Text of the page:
Myele Manzanza ‘OnePointOne [Live at the Blue Whale]’ LP/DIG (First Word) 5/5

November and December tend to be fairly quiet for new releases as our collective attention turns towards the festive season. Indeed, I doubt whether I would have known of Myele Manzanza’s latest album if it wasn’t for, of all things, an ad that popped up in my Facebook feed. Qualms about the evils of data sharing to one side, on this occasion I was thankful for the heads up. As you can tell from our 2016 end-of-year charts so were the rest of the team.
Manzanza’s debut, “One”, was originally released in New Zealand in 2012 before being picked up and given a wider distribution by BBE Music in 2013. “One Point One”, as the name suggests, is not an entirely new project, but an iteration stemming from the creativity ideas and musical vision expressed in the original. It’s a live recording of Manzanza’s first show in the US, featuring tracks from “One”, several covers and the odd original thrown in for good measure. The intention had only been to capture a live video of the song “City of Atlantis”, but on listening back to the whole set Manzanza felt it was strong enough to release as a long player.

Manzanza was formally schooled in Jazz, but has an outlook that extends well beyond this into hip-hop, beats, dance and electronica. “One” summed this all up nicely, but it’s definitely a studio production and one that needed adjustments to work live.

To help translate this into a live experience, Manzanza brought together fellow Kiwis, Mark de Clive-Lowe (keys), who’d played on the album, and Ben Shepherd (bass) to form the core trio. The addition of Miguel Atwood-Ferguson’s Quartetto Fantastico (Chris Woods and Paul Cartwright (violin), Peter Jacobson (cello) and the man himself (viola)) is a masterstroke as their sound adds further depth and texture.

The album begins with “A Love Eclectic”, the bait that Facebook used to lure me in in the first place. It’s a take on “Acknowledgement” from “A Love Supreme”, with viola leading the way instead of saxophone, surrounded by shimmering waves of sound from piano and drums. The drama and energy it gives off creates a great opening statement.

Later on, Atwood-Ferguson’s lead works even better on another jazz classic, the Bobby Hutcherson number “Montara”. This tune, a favourite of Manzanza’s, perfectly highlights the symbiosis of the old and the new; it’s classic Blue Note, but it’s also been reworked by Madlib. Drums replace the metronomic percussion of the original, the soothing sound of the strings stretching out and taking wing. It’s a wonderfully sensitive, warm moment.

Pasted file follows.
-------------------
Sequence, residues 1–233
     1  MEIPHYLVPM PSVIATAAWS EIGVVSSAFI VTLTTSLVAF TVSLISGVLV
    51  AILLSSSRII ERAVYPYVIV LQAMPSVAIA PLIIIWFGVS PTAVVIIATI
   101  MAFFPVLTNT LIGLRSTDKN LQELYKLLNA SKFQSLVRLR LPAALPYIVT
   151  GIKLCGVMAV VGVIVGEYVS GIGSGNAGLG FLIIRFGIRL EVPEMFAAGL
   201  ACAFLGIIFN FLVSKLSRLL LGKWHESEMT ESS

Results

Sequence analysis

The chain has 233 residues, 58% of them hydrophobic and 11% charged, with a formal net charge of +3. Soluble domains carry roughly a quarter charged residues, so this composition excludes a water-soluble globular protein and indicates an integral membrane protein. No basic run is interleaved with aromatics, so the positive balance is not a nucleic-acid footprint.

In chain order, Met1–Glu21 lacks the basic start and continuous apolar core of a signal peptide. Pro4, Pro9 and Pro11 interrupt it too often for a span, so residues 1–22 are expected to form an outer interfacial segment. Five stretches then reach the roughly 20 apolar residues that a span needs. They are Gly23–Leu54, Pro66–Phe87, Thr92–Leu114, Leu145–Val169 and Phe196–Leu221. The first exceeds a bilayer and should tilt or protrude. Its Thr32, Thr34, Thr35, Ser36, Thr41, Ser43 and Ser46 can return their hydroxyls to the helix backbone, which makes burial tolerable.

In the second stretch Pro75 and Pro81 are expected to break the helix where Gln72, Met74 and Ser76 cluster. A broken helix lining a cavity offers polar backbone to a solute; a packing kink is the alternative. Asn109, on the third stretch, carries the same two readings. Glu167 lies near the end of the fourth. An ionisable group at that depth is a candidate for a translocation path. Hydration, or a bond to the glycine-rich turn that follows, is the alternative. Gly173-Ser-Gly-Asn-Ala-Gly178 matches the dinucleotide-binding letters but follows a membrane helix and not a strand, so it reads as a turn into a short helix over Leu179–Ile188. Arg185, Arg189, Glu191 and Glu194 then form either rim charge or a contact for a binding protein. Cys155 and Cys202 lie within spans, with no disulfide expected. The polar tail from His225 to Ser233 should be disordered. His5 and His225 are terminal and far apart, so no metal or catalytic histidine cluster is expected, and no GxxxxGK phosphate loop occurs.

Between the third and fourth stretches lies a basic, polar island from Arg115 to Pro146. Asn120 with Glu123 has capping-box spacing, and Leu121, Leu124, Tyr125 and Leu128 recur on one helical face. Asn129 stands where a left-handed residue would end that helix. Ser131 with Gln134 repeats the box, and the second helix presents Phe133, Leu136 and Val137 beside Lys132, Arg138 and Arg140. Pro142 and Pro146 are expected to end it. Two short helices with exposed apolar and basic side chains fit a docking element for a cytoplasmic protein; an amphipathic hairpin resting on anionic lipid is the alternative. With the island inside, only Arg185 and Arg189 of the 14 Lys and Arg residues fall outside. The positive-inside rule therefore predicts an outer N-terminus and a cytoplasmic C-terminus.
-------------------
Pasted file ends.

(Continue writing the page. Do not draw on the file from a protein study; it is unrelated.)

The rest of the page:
“Absent Fade”, another of the string pieces, features an energetic solo from Mark De Clive-Lowe on piano that builds and builds. I’ve tended to think of Mark outside the Jazz genre, but it’s clear from his playing on this album that he’s got what it takes.

“7 Bar Thing” is the first of the tracks from “One”. In it’s original form it’s an out-and-out dance floor tune; this version retains all the vitality, with forceful drums and heavy bass, but pushes it a bit more into jazz funk territory, with some nice piano fills.

“Circumstances” gives Manzanza a chance to show us what he can do before the interval. Throughout this track and the album as a whole his playing is on point; punchy and driven where it needs to be, open and more communicative at other times.

The second half opens with a Theo Parrish cover, “Love is War for Miles”. Like “7 Bar Thing”, Manzanza’s arrangement maintains that sense of direction and purpose of the dance floor, whilst adding colour and variety to the melody.

The album ends with “City of Atlantis” featuring the whole group, plus Nia Andrews and Charlie K on vocals. Both strings and keys echo like recorded loops, only with more emphasis and tension. It’s a fitting climax to an enjoyable and varied album.

Myele Manzanza is playing at the Archspace in East London on 13 April.

Andy Hazell